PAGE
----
Blood Pressure Trajectories in the 20 Years Before Death

    loading  Checking for direct PDF access through Ovid

Abstract

Importance

There is mixed evidence that blood pressure (BP) stabilizes or decreases in later life. It is also unclear whether BP trajectories reflect advancing age, proximity to end of life, or selective survival of persons free from hypertension.

Objective

To estimate individual patient BP for each of the 20 years before death and identify potential mechanisms that may explain trajectories.

Design, Study, and Participants

We analyzed population-based Clinical Practice Research Datalink primary care and linked hospitalization electronic medical records from the United Kingdom, using retrospective cohort approaches with generalized linear mixed-effects modeling. Participants were all available individuals with BP measures over 20 years, yielding 46 634 participants dying aged at least 60 years, from 2010 to 2014. We also compared BP slopes from 10 to 3 years before death for 20 207 participants who died, plus 20 207 birth-year and sex-matched participants surviving longer than 9 years.

Main Outcomes and Measures

Clinically recorded individual patient repeated systolic BP (SBP) and diastolic BP (DBP).

Results

In 46 634 participants (51.7% female; mean [SD] age at death, 82.4 [9.0] years), SBPs and DBPs peaked 18 to 14 years before death and then decreased progressively. Mean changes in SBP from peak values ranged from −8.5 mm Hg (95% CI, −9.4 to −7.7) for those dying aged 60 to 69 years to −22.0 mm Hg (95% CI, −22.6 to −21.4) for those dying at 90 years or older; overall, 64.0% of individuals had SBP changes of greater than −10 mm Hg. Decreases in BP appeared linear from 10 to 3 years before death, with steeper decreases in the last 2 years of life. Decreases in SBP from 10 to 3 years before death were present in individuals not treated with antihypertensive medications, but mean yearly changes were steepest in patients with hypertension (−1.58; 95% CI, −1.56 to −1.60 mm Hg vs −0.70; 95% CI, −0.65 to −0.76 mm Hg), dementia (−1.81; 95% CI, −1.77 to −1.87 mm Hg vs −1.41; 95% CI, −1.38 to −1.43 mm Hg), heart failure (−1.66; 95% CI, −1.62 to −1.69 mm Hg vs −1.37; 95% CI, −1.34 to −1.39 mm Hg), and late-life weight loss.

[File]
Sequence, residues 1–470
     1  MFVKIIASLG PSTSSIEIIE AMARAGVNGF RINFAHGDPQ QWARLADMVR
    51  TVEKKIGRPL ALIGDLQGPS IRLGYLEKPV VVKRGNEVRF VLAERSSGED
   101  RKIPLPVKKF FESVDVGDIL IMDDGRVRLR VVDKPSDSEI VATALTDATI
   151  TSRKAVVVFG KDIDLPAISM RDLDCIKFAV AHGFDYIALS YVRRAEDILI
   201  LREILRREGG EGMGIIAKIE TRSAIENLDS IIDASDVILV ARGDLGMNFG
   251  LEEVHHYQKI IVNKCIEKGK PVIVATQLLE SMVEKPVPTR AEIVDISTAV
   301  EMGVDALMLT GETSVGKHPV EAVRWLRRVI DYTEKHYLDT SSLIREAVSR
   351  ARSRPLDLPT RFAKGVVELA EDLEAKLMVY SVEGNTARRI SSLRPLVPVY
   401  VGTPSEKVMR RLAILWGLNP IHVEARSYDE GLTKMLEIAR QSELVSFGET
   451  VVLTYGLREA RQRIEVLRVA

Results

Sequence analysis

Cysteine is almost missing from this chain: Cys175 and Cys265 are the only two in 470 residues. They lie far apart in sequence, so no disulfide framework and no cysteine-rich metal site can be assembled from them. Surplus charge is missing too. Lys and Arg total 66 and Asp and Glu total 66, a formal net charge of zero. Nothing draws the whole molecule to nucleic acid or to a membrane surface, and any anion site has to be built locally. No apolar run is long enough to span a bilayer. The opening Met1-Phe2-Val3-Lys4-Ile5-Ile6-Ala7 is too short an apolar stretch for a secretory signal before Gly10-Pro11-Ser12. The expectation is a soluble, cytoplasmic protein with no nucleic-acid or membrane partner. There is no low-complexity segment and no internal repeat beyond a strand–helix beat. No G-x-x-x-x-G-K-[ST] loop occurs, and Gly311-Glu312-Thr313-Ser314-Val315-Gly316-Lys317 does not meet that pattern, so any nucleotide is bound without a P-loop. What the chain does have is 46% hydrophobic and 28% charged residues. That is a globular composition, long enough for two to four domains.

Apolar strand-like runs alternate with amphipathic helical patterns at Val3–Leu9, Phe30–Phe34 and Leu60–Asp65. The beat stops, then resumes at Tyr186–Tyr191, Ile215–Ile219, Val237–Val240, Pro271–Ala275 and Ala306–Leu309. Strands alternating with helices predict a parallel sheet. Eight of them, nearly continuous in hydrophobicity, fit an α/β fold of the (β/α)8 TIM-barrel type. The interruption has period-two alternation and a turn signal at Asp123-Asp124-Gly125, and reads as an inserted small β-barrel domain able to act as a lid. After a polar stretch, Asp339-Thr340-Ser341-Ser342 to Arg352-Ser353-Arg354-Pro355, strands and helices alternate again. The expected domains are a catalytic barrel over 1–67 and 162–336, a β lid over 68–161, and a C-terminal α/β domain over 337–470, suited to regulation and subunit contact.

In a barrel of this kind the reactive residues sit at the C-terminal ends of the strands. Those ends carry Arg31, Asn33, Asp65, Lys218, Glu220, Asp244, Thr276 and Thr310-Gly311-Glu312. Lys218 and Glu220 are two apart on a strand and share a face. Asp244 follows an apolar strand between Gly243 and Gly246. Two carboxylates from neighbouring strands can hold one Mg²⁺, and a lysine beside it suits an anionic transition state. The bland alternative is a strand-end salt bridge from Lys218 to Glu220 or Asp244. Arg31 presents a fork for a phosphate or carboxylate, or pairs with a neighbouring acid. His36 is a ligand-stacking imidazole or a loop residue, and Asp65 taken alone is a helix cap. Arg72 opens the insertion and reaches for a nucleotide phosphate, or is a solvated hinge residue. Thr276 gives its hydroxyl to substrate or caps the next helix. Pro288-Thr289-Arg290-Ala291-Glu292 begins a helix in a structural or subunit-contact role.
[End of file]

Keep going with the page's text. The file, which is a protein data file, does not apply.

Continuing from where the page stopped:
Conclusions and Relevance

Mean SBP and DBP decreased for more than a decade before death in patients dying at 60 years and older. These BP decreases are not simply attributable to age, treatment of hypertension, or better survival without hypertension. Late-life BP decreases may have implications for risk estimation, treatment monitoring, and trial design.

Related Topics

    loading  Loading Related Articles